Is it "disparaging" to say "Karma is a bi**h"?

Riddle me this:

Employee sues her boss for sexual harassment. Case settles for $127,500, and she has to agree to confidentiality and non-disparagement.

About nine years later, boss becomes an internet pariah for allegedly poaching a beautiful and beloved lion in Zimbabwe. Somebody in the media finds out about the sexual harassment settlement (how'd they do that, if it was confidential?). Media rep contacts ex-employee, who says that her lawyer has told her she can't talk about the settlement, but . . .!

She does say this:

"You know I only keep in contact with a couple of people there [at boss's office] and neither of them really want to be part of this . . .. They don't want to be a part of who he's become."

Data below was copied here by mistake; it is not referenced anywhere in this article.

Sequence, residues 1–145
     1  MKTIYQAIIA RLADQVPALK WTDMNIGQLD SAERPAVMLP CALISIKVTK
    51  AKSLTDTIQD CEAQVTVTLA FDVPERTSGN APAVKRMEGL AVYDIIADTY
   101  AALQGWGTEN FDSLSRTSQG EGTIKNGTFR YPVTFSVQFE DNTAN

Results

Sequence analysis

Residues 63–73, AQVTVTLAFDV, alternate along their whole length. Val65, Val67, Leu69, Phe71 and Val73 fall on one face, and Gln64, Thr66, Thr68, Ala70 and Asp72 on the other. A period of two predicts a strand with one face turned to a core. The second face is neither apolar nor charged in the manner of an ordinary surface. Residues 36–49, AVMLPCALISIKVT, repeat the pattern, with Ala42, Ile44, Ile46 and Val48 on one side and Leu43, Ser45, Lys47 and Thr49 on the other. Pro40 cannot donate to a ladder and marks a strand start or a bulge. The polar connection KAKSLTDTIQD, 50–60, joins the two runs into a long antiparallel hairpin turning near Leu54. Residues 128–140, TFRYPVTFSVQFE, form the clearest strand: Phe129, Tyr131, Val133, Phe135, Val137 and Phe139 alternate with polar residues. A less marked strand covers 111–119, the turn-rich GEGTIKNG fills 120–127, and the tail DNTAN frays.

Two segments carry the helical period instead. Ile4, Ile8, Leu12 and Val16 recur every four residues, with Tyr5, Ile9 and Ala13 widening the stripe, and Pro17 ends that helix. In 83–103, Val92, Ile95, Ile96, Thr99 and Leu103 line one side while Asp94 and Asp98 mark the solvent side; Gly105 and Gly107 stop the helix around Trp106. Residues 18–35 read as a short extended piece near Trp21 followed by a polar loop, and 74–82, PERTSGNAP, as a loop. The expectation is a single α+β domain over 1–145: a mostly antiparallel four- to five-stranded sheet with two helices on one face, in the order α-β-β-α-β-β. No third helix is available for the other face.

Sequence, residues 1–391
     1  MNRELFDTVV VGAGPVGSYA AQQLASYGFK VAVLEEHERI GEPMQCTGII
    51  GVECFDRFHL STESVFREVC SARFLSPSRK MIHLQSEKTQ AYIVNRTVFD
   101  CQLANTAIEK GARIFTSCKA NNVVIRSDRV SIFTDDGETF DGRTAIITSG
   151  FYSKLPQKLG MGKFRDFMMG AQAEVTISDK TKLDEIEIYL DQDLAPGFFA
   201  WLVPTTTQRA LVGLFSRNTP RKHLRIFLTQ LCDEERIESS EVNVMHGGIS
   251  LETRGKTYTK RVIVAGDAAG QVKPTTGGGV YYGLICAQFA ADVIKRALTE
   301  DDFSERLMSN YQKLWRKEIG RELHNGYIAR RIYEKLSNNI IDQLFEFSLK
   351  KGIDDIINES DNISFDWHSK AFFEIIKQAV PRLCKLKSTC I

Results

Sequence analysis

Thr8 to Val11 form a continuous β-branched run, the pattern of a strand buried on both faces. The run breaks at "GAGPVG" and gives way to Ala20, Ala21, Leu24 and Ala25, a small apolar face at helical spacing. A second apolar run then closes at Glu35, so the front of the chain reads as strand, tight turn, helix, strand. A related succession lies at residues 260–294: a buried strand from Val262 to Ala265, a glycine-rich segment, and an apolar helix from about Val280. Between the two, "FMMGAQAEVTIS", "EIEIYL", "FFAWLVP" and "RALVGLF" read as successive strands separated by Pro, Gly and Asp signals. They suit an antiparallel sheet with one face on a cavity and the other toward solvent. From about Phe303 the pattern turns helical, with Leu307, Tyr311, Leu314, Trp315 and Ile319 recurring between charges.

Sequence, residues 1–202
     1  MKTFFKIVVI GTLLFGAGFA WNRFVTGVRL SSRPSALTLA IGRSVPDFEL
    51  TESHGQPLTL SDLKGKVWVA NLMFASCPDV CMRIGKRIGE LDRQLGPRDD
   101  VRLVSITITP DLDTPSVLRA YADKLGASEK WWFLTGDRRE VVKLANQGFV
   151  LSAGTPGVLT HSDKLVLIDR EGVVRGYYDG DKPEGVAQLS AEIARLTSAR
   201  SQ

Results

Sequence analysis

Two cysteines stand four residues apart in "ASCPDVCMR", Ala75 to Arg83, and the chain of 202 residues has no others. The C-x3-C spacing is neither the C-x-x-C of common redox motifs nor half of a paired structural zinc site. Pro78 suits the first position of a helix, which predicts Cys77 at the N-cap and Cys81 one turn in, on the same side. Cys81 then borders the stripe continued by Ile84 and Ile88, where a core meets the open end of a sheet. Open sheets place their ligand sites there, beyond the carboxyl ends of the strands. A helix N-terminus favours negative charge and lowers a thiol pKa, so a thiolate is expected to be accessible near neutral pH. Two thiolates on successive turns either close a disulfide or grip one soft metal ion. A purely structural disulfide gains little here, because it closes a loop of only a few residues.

"I have actually already been told by my lawyer that I can't say anything."

"This is huge isn't it? It's amazing how big this has become. Karma is a bitch - that's all I have to say."

If the boss ever comes out of hiding, can he sue his ex-employee to get his $127,500 back?

Robin Shea has 30 years' experience in employment litigation, including Title VII and the Age Discrimination in Employment Act, the Americans with Disabilities Act (including the Amendments Act). 
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